Actors! And now?
An Implementer’s Perspective on High-level Concurrency Models, Debugging Tools, and the Future of Automatic Bug Mitigation
The actor model is a great tool for various use cases. Though, it’s not the only tool, and sometimes perhaps not even the best. Consequently, developers started mixing and matching high-level concurrency models based on the problem at hand, much like other programming abstractions. Though, this comes with various problems. For instance, we don’t usually have debugging tools that help us to make sense of the resulting system. If we even have a debugger, it may barely allow us to step through our programs instruction by instruction.
Let’s imagine a better world! One were we can follow asynchronous messages, jump to the next transaction commit, or break on the next fork/join task created. Though, race conditions remain notoriously difficult to reproduce. One solutions it to record our program’s execution, ideally capturing the bug. Then we can replay it as often as need to identify the cause of our bug.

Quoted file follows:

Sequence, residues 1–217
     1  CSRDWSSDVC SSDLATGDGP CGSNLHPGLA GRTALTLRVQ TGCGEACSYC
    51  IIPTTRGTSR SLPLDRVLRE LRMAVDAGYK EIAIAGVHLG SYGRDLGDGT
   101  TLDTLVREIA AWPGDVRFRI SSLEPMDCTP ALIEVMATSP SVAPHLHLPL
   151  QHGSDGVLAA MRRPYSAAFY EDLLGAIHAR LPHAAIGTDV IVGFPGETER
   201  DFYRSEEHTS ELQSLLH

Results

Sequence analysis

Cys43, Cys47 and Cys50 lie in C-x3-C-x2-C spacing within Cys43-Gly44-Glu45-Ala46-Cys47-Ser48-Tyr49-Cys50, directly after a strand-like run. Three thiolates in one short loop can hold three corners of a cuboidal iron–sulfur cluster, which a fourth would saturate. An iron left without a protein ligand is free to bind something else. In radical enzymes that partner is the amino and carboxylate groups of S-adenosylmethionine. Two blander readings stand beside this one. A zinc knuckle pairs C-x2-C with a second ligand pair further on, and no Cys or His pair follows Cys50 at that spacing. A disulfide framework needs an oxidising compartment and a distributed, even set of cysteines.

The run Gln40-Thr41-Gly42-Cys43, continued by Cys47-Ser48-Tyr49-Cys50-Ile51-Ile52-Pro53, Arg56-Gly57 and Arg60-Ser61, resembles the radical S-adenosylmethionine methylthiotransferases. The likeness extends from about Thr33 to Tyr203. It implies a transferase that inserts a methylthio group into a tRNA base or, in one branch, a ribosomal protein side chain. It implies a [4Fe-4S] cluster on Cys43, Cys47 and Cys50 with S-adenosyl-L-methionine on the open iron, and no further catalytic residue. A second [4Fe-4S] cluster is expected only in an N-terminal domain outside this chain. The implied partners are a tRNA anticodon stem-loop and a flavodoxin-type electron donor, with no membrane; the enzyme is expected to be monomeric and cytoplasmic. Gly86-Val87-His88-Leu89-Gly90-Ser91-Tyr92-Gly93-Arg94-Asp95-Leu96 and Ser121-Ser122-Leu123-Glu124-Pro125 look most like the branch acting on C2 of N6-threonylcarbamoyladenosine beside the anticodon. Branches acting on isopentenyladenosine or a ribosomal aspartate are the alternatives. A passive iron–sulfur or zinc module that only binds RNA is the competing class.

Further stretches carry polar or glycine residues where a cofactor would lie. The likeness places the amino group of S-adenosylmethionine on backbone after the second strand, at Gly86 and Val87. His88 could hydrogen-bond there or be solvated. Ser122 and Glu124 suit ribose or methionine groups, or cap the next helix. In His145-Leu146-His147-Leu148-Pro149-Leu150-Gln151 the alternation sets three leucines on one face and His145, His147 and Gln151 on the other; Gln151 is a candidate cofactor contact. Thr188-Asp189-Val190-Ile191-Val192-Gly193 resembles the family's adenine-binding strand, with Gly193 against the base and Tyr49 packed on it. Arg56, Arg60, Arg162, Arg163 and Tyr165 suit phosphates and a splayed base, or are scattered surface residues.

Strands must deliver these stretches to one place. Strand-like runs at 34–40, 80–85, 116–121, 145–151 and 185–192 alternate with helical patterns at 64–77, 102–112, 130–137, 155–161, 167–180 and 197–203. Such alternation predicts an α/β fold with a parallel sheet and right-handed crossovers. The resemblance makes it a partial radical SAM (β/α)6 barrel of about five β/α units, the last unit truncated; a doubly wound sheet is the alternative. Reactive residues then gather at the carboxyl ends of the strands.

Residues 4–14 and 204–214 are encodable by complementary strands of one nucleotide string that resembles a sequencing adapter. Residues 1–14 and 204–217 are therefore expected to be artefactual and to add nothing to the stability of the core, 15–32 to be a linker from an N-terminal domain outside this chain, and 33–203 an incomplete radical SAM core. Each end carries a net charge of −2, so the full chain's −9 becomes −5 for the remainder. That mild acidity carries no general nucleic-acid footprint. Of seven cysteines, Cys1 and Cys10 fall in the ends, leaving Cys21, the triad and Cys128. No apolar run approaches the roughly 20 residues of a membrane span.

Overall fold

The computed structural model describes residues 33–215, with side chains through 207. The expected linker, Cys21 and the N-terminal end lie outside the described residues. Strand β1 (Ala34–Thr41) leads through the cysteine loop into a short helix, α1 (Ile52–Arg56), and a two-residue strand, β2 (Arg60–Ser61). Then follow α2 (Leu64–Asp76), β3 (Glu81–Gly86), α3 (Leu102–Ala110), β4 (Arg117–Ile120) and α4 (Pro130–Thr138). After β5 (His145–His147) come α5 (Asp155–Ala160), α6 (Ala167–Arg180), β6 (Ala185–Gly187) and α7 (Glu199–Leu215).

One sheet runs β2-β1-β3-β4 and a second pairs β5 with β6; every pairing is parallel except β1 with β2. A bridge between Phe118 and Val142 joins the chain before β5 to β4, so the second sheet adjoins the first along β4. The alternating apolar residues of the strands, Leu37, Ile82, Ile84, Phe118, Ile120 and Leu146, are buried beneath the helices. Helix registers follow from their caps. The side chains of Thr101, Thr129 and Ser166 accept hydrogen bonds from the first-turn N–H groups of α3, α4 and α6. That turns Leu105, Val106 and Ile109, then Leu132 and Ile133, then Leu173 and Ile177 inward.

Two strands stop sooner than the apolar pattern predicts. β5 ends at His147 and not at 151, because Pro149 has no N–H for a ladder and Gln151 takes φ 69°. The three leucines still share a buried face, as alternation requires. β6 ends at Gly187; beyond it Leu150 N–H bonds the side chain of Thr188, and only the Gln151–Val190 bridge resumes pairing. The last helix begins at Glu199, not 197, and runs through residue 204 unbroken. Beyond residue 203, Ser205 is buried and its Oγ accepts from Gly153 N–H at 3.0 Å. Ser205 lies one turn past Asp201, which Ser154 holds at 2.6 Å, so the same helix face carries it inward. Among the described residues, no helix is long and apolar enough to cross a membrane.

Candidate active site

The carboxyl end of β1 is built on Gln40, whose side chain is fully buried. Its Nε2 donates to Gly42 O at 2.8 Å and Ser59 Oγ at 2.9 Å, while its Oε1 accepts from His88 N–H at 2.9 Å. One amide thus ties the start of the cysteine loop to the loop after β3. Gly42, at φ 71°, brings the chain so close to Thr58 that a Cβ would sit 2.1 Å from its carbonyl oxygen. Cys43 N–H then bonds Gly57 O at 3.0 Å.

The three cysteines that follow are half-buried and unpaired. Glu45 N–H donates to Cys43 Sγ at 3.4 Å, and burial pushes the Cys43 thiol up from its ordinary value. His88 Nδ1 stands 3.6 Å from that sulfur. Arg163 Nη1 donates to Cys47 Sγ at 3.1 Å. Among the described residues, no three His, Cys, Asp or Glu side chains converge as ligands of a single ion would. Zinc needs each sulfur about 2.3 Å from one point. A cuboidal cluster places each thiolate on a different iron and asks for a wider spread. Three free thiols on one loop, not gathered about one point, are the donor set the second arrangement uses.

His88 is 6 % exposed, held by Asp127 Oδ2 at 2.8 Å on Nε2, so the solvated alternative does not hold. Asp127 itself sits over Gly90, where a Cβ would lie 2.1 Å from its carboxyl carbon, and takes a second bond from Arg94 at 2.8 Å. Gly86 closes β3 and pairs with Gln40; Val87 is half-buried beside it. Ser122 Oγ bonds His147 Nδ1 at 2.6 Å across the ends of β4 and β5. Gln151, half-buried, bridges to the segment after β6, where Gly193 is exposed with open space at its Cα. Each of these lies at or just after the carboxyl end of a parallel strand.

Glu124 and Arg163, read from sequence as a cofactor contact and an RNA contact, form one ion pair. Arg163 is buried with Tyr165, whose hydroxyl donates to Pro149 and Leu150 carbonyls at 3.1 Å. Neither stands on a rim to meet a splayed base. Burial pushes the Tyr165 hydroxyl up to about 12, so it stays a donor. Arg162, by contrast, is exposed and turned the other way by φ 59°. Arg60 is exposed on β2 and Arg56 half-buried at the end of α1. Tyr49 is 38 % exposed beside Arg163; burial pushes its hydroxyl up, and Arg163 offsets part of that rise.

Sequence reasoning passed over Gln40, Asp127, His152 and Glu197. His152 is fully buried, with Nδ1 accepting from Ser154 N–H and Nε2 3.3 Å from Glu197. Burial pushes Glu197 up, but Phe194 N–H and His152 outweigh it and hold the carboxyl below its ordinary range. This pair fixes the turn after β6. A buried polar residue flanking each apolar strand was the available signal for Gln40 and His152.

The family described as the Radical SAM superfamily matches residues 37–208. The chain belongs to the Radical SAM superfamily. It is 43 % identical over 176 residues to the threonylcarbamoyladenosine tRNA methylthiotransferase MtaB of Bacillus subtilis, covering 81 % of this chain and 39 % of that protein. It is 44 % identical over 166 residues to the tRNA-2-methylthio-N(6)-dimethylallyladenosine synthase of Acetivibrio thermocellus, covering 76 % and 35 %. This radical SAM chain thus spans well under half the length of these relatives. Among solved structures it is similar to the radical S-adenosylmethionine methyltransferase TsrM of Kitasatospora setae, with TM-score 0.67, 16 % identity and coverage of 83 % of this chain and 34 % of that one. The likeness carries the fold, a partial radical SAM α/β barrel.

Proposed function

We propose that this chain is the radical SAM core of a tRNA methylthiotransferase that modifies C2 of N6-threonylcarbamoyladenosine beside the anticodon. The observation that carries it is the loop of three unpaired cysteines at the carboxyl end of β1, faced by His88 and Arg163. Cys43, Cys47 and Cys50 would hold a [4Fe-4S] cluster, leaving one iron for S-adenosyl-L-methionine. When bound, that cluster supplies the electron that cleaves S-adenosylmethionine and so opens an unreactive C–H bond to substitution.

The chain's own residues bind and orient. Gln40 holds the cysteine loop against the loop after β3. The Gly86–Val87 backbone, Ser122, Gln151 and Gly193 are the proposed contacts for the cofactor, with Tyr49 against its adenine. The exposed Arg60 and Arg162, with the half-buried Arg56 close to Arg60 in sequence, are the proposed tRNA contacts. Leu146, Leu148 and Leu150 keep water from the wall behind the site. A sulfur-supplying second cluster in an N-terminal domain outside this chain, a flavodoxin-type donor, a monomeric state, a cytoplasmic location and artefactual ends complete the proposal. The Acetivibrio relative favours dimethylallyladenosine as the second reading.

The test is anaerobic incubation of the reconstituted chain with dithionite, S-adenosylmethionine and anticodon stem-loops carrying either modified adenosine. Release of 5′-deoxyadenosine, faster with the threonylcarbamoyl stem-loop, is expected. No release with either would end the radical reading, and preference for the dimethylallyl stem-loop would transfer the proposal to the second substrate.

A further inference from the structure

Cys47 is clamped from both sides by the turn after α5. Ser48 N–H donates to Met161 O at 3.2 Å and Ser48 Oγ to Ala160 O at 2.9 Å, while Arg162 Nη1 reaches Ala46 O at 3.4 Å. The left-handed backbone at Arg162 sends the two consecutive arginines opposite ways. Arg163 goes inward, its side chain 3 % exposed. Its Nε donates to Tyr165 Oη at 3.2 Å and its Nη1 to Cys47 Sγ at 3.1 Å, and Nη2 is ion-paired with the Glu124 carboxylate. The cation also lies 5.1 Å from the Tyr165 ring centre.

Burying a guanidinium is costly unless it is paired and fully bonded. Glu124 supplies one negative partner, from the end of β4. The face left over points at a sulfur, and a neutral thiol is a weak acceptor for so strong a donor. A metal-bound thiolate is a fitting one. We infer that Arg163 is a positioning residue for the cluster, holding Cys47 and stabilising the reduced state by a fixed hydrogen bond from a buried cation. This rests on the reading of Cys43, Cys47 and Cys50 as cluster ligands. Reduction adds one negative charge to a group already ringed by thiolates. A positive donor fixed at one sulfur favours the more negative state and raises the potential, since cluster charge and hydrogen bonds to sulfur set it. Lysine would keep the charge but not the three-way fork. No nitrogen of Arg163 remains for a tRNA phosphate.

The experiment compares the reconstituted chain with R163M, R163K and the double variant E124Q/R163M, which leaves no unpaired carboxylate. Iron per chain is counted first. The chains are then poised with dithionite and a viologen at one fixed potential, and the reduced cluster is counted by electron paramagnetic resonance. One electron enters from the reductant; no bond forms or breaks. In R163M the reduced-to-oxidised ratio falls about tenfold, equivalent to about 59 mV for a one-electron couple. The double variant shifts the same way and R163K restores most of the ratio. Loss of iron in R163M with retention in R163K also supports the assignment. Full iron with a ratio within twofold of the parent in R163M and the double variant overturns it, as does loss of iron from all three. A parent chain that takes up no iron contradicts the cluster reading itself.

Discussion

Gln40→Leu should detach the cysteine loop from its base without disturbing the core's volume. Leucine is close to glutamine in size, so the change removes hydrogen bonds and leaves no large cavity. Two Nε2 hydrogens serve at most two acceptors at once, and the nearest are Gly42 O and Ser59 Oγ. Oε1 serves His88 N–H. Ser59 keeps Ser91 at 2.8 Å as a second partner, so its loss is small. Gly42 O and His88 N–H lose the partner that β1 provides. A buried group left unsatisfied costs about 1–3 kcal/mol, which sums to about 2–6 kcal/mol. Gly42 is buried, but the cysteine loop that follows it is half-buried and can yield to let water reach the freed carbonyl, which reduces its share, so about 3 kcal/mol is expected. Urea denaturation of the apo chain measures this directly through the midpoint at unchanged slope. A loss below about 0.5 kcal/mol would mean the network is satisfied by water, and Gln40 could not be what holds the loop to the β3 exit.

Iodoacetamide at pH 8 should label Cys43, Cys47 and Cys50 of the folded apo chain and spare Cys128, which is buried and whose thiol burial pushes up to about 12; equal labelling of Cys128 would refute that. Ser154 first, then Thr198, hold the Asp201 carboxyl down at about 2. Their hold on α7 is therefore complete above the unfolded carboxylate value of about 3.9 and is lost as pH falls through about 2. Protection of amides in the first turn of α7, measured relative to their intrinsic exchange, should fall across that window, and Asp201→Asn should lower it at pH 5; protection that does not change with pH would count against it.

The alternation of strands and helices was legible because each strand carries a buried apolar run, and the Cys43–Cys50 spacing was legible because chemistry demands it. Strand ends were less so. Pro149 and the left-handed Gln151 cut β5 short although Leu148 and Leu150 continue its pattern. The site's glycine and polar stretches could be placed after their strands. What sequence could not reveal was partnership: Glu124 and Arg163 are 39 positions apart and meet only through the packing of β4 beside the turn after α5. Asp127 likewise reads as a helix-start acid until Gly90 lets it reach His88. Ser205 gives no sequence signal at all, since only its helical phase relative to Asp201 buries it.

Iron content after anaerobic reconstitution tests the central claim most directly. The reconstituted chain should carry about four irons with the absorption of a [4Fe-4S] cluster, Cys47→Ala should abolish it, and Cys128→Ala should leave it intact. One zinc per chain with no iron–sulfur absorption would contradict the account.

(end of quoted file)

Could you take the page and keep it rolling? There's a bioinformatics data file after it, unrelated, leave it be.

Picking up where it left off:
The hard bit here is making record & replay practical. I will explain how our concurrency-model-agnostic approach allows us to record model interactions trivially for later replay, and how we minimized its run-time overhead. In the case of actor applications, we can even make the snapshotting fast to be able to limit trace sizes.
Having better debugging capabilities is a real productivity boost. Though, some bugs will always slip through the cracks. So, what if we could prevent those bugs from causing issues? Other researchers have shown how to do it, and I’ll conclude this talk with some ideas on how we can utilize the knowledge we have in our language implementations to make such mitigation approaches fast.
The talk is based on work done in collaboration with Dominik Aumayr, Carmen Torres Lopez, Elisa Gonzalez Boix, and Hanspeter Mössenböck. I’d also like to thank the AGERE!’21 organizers to invited me. I enjoyed preparing the talk in some sense as a retrospective of the work we did in the MetaConc Project. For a more complete list of things and papers published in the wider context of the project, please head over to its website.
If you have questions, please feel free to reach out via Twitter.